Comment February of 2014 saw Kevin DeNuccio appointed as Violin Memory's CEO. Then the shares were worth about $15.
Today, 32 months later, they are worth $0.13 after a 4:1 reverse stock split and NYSE exit; so $0.0325 in "old money," with the firm now capitalized at $3.27m. Its shares have lost some 99.8 per cent of their value on that basis.
This is beyond ridiculous.
Rough math says Violin's market capitalization when deNuccio became CEO was $142.74m.
It's obvious that shareholders have been hammered with a devastating loss of value since DeNuccio became the CEO.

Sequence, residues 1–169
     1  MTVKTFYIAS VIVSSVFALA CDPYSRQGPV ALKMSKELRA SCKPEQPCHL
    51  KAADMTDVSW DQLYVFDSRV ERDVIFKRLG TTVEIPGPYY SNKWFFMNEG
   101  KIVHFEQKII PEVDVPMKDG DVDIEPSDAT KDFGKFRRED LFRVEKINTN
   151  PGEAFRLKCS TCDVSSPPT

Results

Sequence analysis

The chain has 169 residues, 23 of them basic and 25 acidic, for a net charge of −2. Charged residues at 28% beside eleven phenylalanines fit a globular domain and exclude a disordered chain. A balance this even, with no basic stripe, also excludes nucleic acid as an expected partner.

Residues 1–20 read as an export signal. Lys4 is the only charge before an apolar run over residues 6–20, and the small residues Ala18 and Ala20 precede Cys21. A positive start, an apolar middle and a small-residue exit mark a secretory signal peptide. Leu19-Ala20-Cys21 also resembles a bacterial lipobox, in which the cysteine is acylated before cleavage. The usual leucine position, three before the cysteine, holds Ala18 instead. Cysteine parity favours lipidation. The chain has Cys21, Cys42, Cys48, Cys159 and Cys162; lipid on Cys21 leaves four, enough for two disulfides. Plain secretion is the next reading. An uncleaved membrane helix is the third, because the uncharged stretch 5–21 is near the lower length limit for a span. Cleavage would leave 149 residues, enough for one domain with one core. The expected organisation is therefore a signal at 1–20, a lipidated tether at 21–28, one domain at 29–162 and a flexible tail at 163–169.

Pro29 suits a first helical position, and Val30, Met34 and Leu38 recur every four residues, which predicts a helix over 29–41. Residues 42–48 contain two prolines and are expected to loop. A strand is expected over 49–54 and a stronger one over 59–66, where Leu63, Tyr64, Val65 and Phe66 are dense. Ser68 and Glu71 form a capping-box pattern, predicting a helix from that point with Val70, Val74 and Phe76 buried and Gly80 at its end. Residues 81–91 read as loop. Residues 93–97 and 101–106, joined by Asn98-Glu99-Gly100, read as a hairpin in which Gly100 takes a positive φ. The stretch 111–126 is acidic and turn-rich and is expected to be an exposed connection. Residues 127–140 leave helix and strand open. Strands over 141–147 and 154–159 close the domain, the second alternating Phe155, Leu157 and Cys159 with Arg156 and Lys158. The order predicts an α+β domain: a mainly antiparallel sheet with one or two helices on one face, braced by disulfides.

He and his execs have bought Violin stock with their own money, which showed commitment but has not generated any reward for their investment – for them, for investors or for Violin employees.
DeNuccio did not take a salary, which showed great commitment too. It was not enough.
Each quarter when reporting revenue decline after revenue decline he and his CFO said a rebound was coming. Each quarter, apart from minor and random upticks, it did not.
A firm valued at $3.7m that was once worth almost $150m is basically toast as far as investors are concerned. ®